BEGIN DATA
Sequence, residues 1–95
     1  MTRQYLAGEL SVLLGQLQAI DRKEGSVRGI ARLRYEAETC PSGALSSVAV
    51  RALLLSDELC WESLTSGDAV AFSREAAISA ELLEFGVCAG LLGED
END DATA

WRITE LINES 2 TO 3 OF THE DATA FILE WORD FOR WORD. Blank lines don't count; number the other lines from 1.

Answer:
     1  MTRQYLAGEL SVLLGQLQAI DRKEGSVRGI ARLRYEAETC PSGALSSVAV
    51  RALLLSDELC WESLTSGDAV AFSREAAISA ELLEFGVCAG LLGED